And I really need for LA Confidential not to top this poll.

Wednesday, September 27, 2006

The Saddest Movie Theatre in the World



Leading Reasons Not to Go Into the Armed Forces: 1941 postcard depicting the sub-human filmgoing conditions of Our Fighting Boys at Fort Dix.

From the esteemed Exploding Kinetoscope archives of crap laying around the house.

Saturday, September 16, 2006

Wolf Buddy: A Celebration of Stiles

Jerry Levine and the Identity Crisis of Teen Wolf (1985)



One man cuts through the lugubrious dreamworld of Teen Wolf, like a rainbow across a murky sky. Jerry Levine as Stiles, the Beacontown High class clown, best guy-friend to the hero, and the designated comic relief of comedy film, creates a character of strange dimension and a key pivot-point for the psychodrama locked inside Teen Wolf.

The cast of Teen Wolf is thoroughly sincere; for a film that must have been conceived as a lighthearted parody of '50s teen monster flicks, the potential laughs are filtered through a proto-John Hughes mesh of parental understanding, and sympathetic adolescent drama. Few escape uncharged, from lead Michael J Fox's crack-voiced insecurity, to James Hampton's patient heart-to-heart-driven parenting as his father, to Susan Ursetti as Boof, Scott's childhood friend who expresses her romantic yearning by clutching her textbooks and making faces of doe-eyed desperation as he walks away. The few bright comic performances from Jay Tarses and Scott Paulin are outlined in my "Notes on Teen Wolf", but they are remarkable for their exception. It is the lone figure of Stiles who transcends the stereotype as written, and draws together the broken threads of Teen Wolf's plot in a meaningful way.

One of the strangest things about Teen Wolf, director Rod Daniel's 1984-lensed, '85-released teen sports comedy-cum-camp love object, is the refusal and/or inability to lend any weight to the more outrageous plot points and moments of melodrama it conjures. The plot is so determinedly focused on Beacontown, Nebraska high schooler Scott Howard's (Fox) dreams of being anything but Average, the fulfillment of his basketball dreams and complications of his werewolf lineage, that it can only demonstrate ambivalence toward the rest of its potentially complicated ideas. Though ostensibly living with the reality of his mothers' unsolved murder, Scott registers little concern when rival b-baller Mick confesses he "blew her head off with a shotgun"; Scott and Boof, lifelong friends, are peer-pressured into a closet heavy-petting session during a kegger, and never address the implications; while the "specialness" and "responsibility" that come with werewolf-powers are explored through the central sports plot, the metaphor of sexual awakening and bodily transformation is drawn, then dropped. Again we may look to Stiles for a means of reconciling the film's muddled metaphoric intentions. It is in Stiles that the scattershot emotional arcs of Teen Wolf make any sense, as he is the sole character to draw attention to the moral and logical inconsistencies. Unable to purchase beer, Stiles blithely tries to convince Scott to pretend to hold up the liquor store with a toy gun, as if there were enough legal difference between armed robbery and "pretend" armed robbery to justify the harebrained scheme.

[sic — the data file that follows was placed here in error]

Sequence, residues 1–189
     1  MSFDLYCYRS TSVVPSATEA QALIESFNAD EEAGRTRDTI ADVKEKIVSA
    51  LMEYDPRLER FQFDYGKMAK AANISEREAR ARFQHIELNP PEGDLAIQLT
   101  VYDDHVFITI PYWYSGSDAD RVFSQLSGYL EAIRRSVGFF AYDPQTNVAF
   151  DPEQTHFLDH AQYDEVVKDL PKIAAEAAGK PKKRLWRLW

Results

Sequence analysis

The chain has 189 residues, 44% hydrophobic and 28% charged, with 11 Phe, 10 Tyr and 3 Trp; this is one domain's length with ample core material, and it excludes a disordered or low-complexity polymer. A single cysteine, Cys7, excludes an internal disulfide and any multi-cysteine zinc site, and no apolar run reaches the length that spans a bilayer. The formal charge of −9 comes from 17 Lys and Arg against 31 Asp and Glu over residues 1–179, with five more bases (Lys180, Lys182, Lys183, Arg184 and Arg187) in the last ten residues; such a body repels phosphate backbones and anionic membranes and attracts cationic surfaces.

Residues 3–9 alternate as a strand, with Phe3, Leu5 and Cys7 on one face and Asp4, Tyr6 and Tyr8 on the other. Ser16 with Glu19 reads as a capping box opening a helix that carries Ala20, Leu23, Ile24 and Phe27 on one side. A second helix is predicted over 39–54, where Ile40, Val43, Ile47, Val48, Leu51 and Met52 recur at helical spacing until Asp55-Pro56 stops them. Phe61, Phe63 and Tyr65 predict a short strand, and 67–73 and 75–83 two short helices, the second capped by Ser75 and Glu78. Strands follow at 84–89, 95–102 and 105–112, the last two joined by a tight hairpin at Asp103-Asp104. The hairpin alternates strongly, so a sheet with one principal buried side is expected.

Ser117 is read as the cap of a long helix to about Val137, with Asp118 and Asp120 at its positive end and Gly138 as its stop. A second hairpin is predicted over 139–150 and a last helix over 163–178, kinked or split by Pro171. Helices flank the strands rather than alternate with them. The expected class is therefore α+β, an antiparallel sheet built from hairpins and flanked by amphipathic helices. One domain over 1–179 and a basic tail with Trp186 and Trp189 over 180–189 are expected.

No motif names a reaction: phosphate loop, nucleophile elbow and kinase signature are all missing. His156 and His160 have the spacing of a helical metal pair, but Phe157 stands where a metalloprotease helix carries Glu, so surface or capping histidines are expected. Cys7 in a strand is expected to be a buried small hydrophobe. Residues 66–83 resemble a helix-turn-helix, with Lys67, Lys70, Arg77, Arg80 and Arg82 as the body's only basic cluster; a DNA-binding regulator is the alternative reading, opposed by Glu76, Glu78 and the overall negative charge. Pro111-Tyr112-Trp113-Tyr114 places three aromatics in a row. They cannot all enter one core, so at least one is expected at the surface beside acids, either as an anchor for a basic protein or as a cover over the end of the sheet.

Life Sucks, Then You Die: Enter Stiles

We get our first glimpse of Stiles during the opening basketball sequence, as he picks his way across the sparsely populated bleachers. Though not yet named, and potentially lost in an unfocused wide shot of the crowd, Stiles' spritely high-step over other spectators' legs and loose-wristed salute to Scott out on the court draw the eye even faster than his walking-billboard wardrobe. The sweaty, desperate physicality of the basketball game, as the home team is pounded by visiting Dragons, is all close-ups of Fox breathing hard, bodies being slammed to the hardwood, and the sound of screeching sneaker rubber as the Beacontown Beavers struggle to keep their footing. Stiles' fey, long-legged gait and fire engine red pants steal the attention in a space devoted to the physical fumblings of boys in uniform. Stiles is defined by his surefooted mastery of movement and privileged costuming.

It is very likely that Stiles as scripted was intended as the Bluto Blutarsky in a Teen Wolf with a more sustained, Animal House-raucous tone. Indeed, like the iconic John Belushi character, Stiles is often presented in terms of the Ultimate Party Animal, a rampaging Id beast driven by consumption and desire; the first act of Teen Wolf centers around his Herculean effort to secure a keg of beer, he officiates Bacchanalian party games, and in the third act is fueled by a hunger for money and power. There seems to end the success of the Bluto-ripoff, for Jerry Levine cannot match Belushi's lusty dominance of the screen; in a sense Belushi was not performing anyway, but submitting to the capture of his robust personality by the camera. Levine's performance, while obviously not nearly as seminal, constructs Stiles in the mold of a different archetype, and with expert physical modulation and surprising shading, creates someone fresh on the movie screen. Stiles is tied to the tradition of the Auguste clown: the buffoon figure identified by his bright, absurdly fitted costumes, aggressively foolish behavior, and opposition to authority figures. Practitioners of classical clowning can be defensive and rigid regarding definitions of clown types; since Stiles does not exist in a circus context, they would insist he cannot be a proper Auguste, and belongs to the broader "character clown" type, however, the historical and platonic ideal Auguste may remain untouched as Levine uses the model with respect and a true clown's sense of play. The Auguste's make-up is traditionally flesh-based, accentuated around the mouth and eyes, and Levine twists Stiles' mouth into geometric shapes as he hoots and shouts, leering grins to punctuate wisecracks, and draws attention to his eyes in a parade of plastic sunglasses without using the shades as a mask. The Auguste's normal exaggerated baggy, clashing clothes become Stiles' badly matched loud T-shirt, slacks and wide belt ensembles, which cling to his pinwheel body like a second skin, and an unbuttoned Hawaiian shirt which flaps like an extravagantly tacky cape.